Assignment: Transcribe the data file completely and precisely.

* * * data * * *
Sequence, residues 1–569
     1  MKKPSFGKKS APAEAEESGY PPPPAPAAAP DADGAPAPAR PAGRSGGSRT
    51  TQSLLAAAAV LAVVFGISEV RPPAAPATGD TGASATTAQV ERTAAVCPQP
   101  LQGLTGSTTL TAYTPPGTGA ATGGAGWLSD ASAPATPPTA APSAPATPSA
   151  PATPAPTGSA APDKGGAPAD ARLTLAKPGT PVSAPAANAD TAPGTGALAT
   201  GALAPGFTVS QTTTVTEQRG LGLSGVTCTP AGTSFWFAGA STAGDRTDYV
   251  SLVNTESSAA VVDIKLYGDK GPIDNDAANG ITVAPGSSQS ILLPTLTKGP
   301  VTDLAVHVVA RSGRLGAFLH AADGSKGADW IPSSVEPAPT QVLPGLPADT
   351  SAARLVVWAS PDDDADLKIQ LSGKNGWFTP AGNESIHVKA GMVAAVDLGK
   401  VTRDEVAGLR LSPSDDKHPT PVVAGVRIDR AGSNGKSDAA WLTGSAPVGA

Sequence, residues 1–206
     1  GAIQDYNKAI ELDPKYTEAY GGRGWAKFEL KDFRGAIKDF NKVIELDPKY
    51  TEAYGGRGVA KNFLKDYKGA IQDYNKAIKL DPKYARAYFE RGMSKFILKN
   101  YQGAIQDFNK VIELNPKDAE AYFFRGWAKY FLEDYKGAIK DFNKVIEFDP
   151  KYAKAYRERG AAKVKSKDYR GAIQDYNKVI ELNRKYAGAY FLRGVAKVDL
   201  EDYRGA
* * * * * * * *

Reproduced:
Sequence, residues 1–569
     1  MKKPSFGKKS APAEAEESGY PPPPAPAAAP DADGAPAPAR PAGRSGGSRT
    51  TQSLLAAAAV LAVVFGISEV RPPAAPATGD TGASATTAQV ERTAAVCPQP
   101  LQGLTGSTTL TAYTPPGTGA ATGGAGWLSD ASAPATPPTA APSAPATPSA
   151  PATPAPTGSA APDKGGAPAD ARLTLAKPGT PVSAPAANAD TAPGTGALAT
   201  GALAPGFTVS QTTTVTEQRG LGLSGVTCTP AGTSFWFAGA STAGDRTDYV
   251  SLVNTESSAA VVDIKLYGDK GPIDNDAANG ITVAPGSSQS ILLPTLTKGP
   301  VTDLAVHVVA RSGRLGAFLH AADGSKGADW IPSSVEPAPT QVLPGLPADT
   351  SAARLVVWAS PDDDADLKIQ LSGKNGWFTP AGNESIHVKA GMVAAVDLGK
   401  VTRDEVAGLR LSPSDDKHPT PVVAGVRIDR AGSNGKSDAA WLTGSAPVGA

Sequence, residues 1–206
     1  GAIQDYNKAI ELDPKYTEAY GGRGWAKFEL KDFRGAIKDF NKVIELDPKY
    51  TEAYGGRGVA KNFLKDYKGA IQDYNKAIKL DPKYARAYFE RGMSKFILKN
   101  YQGAIQDFNK VIELNPKDAE AYFFRGWAKY FLEDYKGAIK DFNKVIEFDP
   151  KYAKAYRERG AAKVKSKDYR GAIQDYNKVI ELNRKYAGAY FLRGVAKVDL
   201  EDYRGA